Jess Jordan, aged 15, is a teenager so typical, sometimes you want to shake her. She is wrapped up in all of the insecurities that are common with kids her age. She feels overshadowed by her gorgeous (and buxom) best friend Flora, unworthy of her crush on the muscular but somewhat vacuous Ben Jones, and betrayed by her own body. Only awkward Fred Parsons, her male best mate whom she’s known since preschool, understands her frustrations.
Invited to a party which she knows Flora will excel at, Jess decides that she needs to augment her boobs, whom she talks to often and has named Bonnie and Clyde. Knowing that there are bras out there bulked up with fluid implants, she decides to make her own, using ziploc bags and a can of minestrone soup. This works well in giving her cleavage, until an uncooth jock nicknamed Whizzer gropes her on the dance floor, bursts one of the bags and ends up squirting himself in the face with soup.
Jess retreats to the bathroom, strips down to her waist and washes herself off. Getting dressed, she beats a hasty retreat home, planning the best way to leave town forever, since obviously her life at school is over. She is however, blessed with a reprieve, after worrying that her prayers to God haven’t gotten through his answer service: turns out when she goes to school the next day, that everybody thinks she performed the ultimate diss on Whizzer by puking on him for his unwanted advances. Her joy is short lived, however, when she learns that the host of the party’s brother installed a hidden camera in the bathroom and there’s going to be another party the next week to view the contents of the tape. She needs another miracle, and the only guardian angel she seems to have… is Fred.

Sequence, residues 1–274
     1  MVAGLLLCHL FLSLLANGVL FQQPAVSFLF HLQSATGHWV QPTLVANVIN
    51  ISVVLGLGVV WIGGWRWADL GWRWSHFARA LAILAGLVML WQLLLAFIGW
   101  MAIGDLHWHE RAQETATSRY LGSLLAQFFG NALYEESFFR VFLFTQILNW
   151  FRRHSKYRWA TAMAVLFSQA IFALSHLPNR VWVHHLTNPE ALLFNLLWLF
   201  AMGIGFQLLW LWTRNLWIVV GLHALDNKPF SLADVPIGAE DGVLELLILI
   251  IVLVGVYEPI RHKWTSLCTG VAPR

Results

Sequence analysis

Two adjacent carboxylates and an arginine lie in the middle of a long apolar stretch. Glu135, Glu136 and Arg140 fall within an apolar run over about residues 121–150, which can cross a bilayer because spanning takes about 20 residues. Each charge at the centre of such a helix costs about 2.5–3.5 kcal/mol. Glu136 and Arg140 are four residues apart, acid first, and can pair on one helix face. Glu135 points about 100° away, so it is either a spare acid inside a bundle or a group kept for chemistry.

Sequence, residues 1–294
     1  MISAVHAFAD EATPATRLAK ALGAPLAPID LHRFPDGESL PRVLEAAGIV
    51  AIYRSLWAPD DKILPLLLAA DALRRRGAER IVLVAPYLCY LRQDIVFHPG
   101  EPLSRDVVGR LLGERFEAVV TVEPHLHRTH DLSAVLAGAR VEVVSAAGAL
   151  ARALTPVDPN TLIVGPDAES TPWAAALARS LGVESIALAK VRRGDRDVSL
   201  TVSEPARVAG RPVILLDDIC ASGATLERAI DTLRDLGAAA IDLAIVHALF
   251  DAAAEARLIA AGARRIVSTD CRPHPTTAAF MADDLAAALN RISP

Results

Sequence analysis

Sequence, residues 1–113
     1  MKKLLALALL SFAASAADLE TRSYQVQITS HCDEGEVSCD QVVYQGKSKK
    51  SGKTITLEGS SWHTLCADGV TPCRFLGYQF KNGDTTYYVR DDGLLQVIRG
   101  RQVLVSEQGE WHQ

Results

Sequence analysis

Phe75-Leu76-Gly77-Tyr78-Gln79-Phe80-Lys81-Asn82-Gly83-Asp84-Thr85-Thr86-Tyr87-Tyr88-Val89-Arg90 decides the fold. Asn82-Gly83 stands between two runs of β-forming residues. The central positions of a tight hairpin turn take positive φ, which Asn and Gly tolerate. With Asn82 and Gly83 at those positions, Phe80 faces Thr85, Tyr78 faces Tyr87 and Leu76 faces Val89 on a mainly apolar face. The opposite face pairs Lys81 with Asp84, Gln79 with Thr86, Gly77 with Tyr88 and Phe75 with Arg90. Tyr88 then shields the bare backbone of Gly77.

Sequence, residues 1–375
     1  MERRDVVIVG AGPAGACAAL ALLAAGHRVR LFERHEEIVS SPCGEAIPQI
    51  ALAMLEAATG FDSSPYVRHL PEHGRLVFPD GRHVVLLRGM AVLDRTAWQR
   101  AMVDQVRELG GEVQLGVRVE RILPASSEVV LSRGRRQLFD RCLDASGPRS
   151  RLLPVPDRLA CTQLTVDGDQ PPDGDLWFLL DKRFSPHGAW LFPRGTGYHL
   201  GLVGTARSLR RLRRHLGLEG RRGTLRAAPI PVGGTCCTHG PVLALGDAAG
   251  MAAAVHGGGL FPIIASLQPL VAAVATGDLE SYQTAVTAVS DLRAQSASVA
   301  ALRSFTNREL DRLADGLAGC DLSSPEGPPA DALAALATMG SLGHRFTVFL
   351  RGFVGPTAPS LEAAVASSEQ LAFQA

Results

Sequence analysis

Such is Jordon’s life, running through one misadventure after another. At home, walks on eggshels with her divorced, activist librarian mother, and corresponds with her flaky but well-meaning artist father via text message. Her home life is further disrupted when her mother has to bring home Jess’ grandmother, who has become too old to manage stairs. It’s a loving relationship of people who just don’t understand each other.
This is the story of Sue Limb’s Girl, 15, Charming But Insane, the start of a trilogy which sees Jess Jordon age to almost seventeen, and mature (the books that follow are Girl, (almost) 16, Absolute Torture and Girl, 16, Pants on Fire). Jess’s anxieties as a teenager in London, England, may be typical, but her take on her experiences is what makes the book such a fun read.
Sue Limb is a writer, a broadcaster and a comedian, and she imbues Jess’ story with a wry take on her life that’s both touching, true and laugh-out-loud funny. Jess’ misadventures, her angst, her assumption that each (increasingly dire) predicament is the End of the World as She Knows It (tm), is perfectly in the voice of a teenager, and perfectly charming. Jess Jordan has aspirations of being a stand-up comedian and doing a double act with Fred. One cannot help but wonder how much of this story is autobiographical.
Will Jess Jordan live down life’s sundry humiliations? Will Ben Jones reciprocate her love, or is he worthy of it? Will her mother ever come to understand her, or vice versa? And what about Fred? Does Jess truly appreciate how much of a friend he is? You cannot help but sympathize with Jess as she struggles with life, unaware that she has the character within her to come out on top.
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